In recent years, the Federal Trade Commission (FTC) has increased its cyber-efforts to hold companies accountable for data breaches. On December 12, 2013, FTC Chairwoman Edith Ramirez promoted the idea of a new federal cyber-law that would require companies to notify consumers in the event of a data breach. Ramirez also wants the FTC to have the authority to impose civil penalties on the non-compliant companies.

This indication of greater federal government oversight and enforcement only heightens the already high legal and operational risks imposed on U.S. companies in the area of cybersecurity. According to a recent study, the average cost of cyber-attacks to 60 major U.S. companies equaled $11.5 million in 2013, up 26 percent from 2012.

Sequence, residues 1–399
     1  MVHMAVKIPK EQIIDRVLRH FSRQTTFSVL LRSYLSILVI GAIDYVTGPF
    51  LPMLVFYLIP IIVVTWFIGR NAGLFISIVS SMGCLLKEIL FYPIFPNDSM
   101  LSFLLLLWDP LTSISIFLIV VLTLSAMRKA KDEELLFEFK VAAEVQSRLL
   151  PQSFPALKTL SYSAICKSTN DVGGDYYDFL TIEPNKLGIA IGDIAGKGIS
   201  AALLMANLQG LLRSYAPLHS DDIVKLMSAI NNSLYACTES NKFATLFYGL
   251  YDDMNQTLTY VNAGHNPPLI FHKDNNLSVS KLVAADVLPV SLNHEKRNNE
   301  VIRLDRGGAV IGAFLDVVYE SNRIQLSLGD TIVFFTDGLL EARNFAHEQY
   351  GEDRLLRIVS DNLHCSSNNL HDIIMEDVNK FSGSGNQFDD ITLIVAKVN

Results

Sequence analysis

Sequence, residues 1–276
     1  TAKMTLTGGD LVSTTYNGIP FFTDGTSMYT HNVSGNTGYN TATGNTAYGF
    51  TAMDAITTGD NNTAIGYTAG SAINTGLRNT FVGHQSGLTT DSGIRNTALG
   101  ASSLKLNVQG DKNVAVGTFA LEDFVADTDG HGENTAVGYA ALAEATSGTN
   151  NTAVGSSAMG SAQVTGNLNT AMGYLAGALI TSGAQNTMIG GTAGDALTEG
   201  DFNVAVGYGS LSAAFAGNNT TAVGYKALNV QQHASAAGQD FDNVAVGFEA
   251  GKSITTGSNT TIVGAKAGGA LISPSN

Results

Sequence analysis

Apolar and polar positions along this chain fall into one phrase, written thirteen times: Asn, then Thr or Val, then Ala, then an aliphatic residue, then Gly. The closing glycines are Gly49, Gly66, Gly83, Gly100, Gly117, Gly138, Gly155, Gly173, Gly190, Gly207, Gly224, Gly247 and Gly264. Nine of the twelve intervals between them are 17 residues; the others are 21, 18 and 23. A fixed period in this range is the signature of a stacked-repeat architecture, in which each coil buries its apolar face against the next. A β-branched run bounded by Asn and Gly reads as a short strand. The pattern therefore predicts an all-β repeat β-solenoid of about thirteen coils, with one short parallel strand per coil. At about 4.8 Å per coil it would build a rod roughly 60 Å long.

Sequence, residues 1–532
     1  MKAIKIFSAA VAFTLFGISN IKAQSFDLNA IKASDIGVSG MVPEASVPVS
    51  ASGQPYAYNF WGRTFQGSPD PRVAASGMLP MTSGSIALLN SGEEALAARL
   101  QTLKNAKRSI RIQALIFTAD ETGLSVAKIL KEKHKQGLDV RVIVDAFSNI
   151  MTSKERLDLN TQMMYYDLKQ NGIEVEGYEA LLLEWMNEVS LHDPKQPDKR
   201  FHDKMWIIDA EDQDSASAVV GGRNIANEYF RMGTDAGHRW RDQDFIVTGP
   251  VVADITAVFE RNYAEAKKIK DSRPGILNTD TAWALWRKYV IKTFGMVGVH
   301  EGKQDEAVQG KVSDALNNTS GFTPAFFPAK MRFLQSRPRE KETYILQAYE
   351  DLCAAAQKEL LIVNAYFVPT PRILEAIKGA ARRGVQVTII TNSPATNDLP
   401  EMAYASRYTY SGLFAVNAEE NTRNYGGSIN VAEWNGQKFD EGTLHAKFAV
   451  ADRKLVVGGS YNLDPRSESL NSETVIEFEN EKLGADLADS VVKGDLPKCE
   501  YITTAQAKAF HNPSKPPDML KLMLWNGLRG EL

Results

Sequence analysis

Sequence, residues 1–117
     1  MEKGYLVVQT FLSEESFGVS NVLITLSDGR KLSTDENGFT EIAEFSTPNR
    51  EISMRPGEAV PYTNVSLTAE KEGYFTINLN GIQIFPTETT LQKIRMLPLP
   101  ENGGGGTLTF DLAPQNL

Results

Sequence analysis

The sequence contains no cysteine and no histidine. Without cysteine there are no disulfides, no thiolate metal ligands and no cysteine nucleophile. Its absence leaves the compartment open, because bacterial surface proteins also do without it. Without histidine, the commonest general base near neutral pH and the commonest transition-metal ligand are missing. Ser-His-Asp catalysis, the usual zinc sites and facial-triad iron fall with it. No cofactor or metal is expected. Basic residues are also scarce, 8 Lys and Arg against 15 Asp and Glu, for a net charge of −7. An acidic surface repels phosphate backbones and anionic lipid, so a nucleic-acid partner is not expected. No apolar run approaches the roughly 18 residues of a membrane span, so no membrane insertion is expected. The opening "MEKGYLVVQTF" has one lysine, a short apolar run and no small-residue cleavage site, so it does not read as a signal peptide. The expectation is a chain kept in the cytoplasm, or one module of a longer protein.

The FTC’s efforts come on the heels of the Administration’s efforts to promote robust cybersecurity standards. The Cybersecurity Framework, mandated by Executive Order 13636, is scheduled to be released in final, “first-version” form in February 2014 as a voluntary, private-sector-led initiative.

Companies, and general counsel, should review the following on an annual basis to reduce the risk of civil and criminal fines and lawsuits:

  • Data breach preparedness and response plans: should include enterprise-wide (including legal) involvement and be up-to-date with federal, state, and international cyber laws

  • Supply chain and business partner agreements: should include cyber-provisions, such as indemnification from cyber lawsuits and fines, and audit rights of a business partner’s cyber-strength to ensure the company’s trade secret and consumer data is protected

  • Due diligence checklists: should include cybersecurity considerations to be aware of risks that may be inherited through acquisitions

These considerations highlight only a handful of areas that should be reviewed in light of increased cybersecurity oversight, and the associated operational and legal costs and risks.